"the material presented is accurate and well written, but it fails on too many fronts to be considered great. The first half of the book is dedicated to explaining the Direct3D 11 Pipeline or at least it tries to. What you get is ultimately a regurgitation of the freely available DX documentation. The authors do little to actually explain the behind the scenes workings and I have a feeling if it is your first foray into DX you will be quickly lost. The one bit of explanation they routinely throw at you is through the use of images to explain concepts. This sounds excellent until you realize what it really means. You get images like a cube with six exploded sides demonstrating a cube map (which is sadly one of the better images) and my personal favorite, an image of a sphere in three different positions to demonstrate translations. This examples may sound petty, but if you read this book you will constantly roll your eyes at the ridiculousness of these listings. Code listings for the book's first half are no better. They are literally ripped from Microsoft's documentation and dumped on the page in an unremarkable matter.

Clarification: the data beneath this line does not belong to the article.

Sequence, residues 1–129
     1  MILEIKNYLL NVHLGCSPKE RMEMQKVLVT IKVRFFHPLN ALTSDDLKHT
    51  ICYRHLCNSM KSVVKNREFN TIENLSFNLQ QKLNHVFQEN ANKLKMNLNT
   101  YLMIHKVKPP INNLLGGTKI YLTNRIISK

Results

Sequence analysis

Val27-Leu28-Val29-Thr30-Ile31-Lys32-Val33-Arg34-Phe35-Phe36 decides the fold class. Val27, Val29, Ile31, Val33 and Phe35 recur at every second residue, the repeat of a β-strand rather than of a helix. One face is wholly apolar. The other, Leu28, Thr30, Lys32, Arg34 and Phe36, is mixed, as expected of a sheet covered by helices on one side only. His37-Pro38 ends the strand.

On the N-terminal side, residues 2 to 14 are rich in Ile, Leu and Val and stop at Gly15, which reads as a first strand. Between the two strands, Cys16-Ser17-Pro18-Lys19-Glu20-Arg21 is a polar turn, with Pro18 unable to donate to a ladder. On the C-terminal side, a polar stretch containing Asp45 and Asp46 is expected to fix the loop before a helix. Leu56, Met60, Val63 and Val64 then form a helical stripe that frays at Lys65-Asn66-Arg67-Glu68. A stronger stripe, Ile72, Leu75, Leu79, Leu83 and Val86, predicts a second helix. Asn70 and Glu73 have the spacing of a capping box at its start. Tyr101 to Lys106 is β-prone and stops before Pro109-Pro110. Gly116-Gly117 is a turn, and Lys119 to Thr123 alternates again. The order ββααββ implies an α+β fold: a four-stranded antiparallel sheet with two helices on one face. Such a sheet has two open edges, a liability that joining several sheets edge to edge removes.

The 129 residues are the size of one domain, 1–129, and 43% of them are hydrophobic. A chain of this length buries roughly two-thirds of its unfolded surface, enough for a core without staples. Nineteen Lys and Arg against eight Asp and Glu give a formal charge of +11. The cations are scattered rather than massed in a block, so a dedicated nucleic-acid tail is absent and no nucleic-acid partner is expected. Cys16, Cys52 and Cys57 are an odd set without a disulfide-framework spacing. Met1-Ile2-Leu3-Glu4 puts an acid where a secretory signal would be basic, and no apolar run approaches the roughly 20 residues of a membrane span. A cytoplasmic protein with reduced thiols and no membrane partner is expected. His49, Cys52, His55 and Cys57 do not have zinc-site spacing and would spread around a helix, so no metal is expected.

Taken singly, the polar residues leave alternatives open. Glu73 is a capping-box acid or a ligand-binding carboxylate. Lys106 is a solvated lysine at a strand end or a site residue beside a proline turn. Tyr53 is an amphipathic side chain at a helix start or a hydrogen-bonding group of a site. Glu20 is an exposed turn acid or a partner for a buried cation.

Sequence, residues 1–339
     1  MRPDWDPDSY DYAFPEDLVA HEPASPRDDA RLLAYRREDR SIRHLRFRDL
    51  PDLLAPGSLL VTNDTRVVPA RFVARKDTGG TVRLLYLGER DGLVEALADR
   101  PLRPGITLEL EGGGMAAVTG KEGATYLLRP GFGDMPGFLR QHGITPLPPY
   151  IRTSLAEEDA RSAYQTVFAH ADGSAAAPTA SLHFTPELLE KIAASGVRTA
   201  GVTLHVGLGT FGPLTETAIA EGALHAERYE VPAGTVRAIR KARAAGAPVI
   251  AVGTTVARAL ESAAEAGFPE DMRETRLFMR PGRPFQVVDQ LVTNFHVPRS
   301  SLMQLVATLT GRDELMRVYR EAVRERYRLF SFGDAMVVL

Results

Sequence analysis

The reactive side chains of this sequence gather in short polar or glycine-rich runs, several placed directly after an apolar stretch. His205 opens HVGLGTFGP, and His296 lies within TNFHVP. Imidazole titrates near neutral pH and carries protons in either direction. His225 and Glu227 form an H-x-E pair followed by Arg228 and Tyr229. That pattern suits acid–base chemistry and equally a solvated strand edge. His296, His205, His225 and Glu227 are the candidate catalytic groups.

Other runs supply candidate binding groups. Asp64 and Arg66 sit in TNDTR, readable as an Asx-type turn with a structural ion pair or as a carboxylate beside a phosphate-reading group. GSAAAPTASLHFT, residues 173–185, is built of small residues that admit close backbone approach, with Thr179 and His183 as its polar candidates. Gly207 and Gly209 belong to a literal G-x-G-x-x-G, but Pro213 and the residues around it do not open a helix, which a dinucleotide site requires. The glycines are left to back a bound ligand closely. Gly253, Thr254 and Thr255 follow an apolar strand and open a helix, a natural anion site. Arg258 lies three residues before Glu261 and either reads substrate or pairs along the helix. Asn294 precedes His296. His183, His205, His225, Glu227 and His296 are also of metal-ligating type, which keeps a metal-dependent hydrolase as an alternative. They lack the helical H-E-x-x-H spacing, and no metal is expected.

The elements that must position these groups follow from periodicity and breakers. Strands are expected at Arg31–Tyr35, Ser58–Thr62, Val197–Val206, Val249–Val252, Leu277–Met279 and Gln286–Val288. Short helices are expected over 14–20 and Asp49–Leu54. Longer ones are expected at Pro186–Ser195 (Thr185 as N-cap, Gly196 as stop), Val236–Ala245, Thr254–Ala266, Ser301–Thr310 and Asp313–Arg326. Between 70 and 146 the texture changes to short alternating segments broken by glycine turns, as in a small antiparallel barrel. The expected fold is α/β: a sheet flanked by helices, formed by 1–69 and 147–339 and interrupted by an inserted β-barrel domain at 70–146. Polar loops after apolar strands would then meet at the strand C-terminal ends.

The book improves in it's second half with more concrete examples of the concepts. They are actually interesting reads and very well explained compared to the first half. Unfortunately, here is where the book's biggest problem comes in. The authors have elected to use Jason Zink's Hieroglyph 3 engine as the basis for all of their examples. While I'm certain Mr. Zink's engine is of a high quality, it is a huge mistake. The justification for it's use is so we as readers are not bogged down in minutia when it comes to initializing Direct3D and Win32. In practice, it fails to allow us experience in initializing Direct3D. This is a fairly important component of using the API and it's dismissal is absurd. You will be forced to return to the documentation of the DXSDK in order to find anything of use, unless you want to be locked into the Hieroglyph engine. The biggest problem with authors using their own engines is in the changes that occur over time. Including raw DX and Win32 code allows future use even through subsequent DXSDK changes with a minimal of rewriting. The Hieroglyph engine is already changing from the version when the book was published just a few short months ago. Nowhere is this more apparent than in the books appendix stating that the Boost libraries are required for building the engine. On the engines homepage, this dependency has already been removed. This isn't a big deal for now, but does speak to the rate at which libraries tend to change overtime. It is entirely possible in the future the engine will have changed so much it's usefulness will suffer. Because of the use of the Hieroglpyh engine, all of the examples focus on shader code and leave everything else up to the engine itself. This is not particularly useful when you want to learn how to code in D3D11 from the ground up.